Study Guide

If Speaker

By Rudyard Kipling


If one thing is for certain, it is that the speaker of this poem loves the word "If." He loves it so much he uses it 13 times. In a poem that's only 32 lines, that's nearly every two lines. Now the speaker doesn't use this word a million times because he has some kind of problem or anything like that—far from it. By the end of the poem, we learn that the speaker is talking to his son and the poem is partly instructional. The speaker, then, is not just a father, but a father who is putting his parent-as-teacher cap on for all to see.

Lots of parents, when they're in teacher mode, have this way of appearing very wise, and the speaker of "If" is no exception. The very fact that he is able to list off all the different things his son must do if he wants to become a man tells us that he has been around the block a few times and is familiar with just about every roadblock his young child will have to negotiate in his journey through life.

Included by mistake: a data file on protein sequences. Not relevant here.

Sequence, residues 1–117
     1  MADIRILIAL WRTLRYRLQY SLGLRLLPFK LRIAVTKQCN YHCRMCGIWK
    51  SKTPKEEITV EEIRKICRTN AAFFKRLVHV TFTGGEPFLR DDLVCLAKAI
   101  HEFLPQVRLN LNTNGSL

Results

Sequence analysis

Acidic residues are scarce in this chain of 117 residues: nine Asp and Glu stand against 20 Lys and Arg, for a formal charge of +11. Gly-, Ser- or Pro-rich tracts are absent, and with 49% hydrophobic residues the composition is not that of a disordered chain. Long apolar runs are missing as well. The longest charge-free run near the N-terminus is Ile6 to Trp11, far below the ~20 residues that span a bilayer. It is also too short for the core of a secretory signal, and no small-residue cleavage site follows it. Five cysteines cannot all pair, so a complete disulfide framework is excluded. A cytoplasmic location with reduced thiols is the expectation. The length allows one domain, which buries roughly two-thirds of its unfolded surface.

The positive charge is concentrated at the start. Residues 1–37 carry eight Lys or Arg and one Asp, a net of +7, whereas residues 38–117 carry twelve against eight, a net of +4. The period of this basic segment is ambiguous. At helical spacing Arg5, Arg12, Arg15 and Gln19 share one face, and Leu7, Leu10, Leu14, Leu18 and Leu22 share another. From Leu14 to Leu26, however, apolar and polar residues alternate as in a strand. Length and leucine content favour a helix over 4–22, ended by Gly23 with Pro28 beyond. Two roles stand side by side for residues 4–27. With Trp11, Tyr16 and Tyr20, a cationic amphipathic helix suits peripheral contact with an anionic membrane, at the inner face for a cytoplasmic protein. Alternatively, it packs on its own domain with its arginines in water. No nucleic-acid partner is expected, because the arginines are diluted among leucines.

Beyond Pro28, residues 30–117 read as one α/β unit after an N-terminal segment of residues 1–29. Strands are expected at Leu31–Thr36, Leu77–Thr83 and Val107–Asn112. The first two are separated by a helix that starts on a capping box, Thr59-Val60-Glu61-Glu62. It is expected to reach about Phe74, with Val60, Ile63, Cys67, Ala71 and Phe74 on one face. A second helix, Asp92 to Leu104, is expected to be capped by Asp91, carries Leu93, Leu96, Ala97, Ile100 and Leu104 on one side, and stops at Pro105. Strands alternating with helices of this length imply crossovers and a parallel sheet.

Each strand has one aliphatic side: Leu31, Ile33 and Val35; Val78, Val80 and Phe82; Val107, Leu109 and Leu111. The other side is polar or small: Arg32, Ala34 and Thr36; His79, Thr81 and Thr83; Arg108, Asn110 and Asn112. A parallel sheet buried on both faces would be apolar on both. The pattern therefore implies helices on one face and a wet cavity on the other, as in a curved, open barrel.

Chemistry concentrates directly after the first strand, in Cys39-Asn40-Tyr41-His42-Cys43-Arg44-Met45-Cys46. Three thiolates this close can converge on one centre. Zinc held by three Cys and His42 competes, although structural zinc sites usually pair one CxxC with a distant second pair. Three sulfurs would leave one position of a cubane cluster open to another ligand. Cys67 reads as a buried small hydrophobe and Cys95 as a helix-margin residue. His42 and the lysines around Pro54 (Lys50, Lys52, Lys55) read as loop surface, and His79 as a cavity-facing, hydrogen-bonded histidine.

Now, even though the speaker definitely resembles your incredibly smart father, or your very wise grandpa, he also comes across like a sage counselor of sorts, the quiet guy in the corner that is usually reserved, but every once in a while decides to speak just to show that he knows more than all the blabbermouths in the room. Just think of a guy like Maester Aemon from Game of Thrones and you'll have an idea of what we mean.

Again, we get this vibe from the speaker because, well, he gives such detailed explanations about every possible little situation. We can't help feeling that the speaker doesn't just know about stuff, but has seen so much of it that he knows exactly how things will play out: truths will be twisted by knaves to make traps for fools, men will lie like crazy to get ahead, the things one has spent one's whole life building will collapse… you get the idea. In short, this guy has seen it all, and lived to tell the tale.

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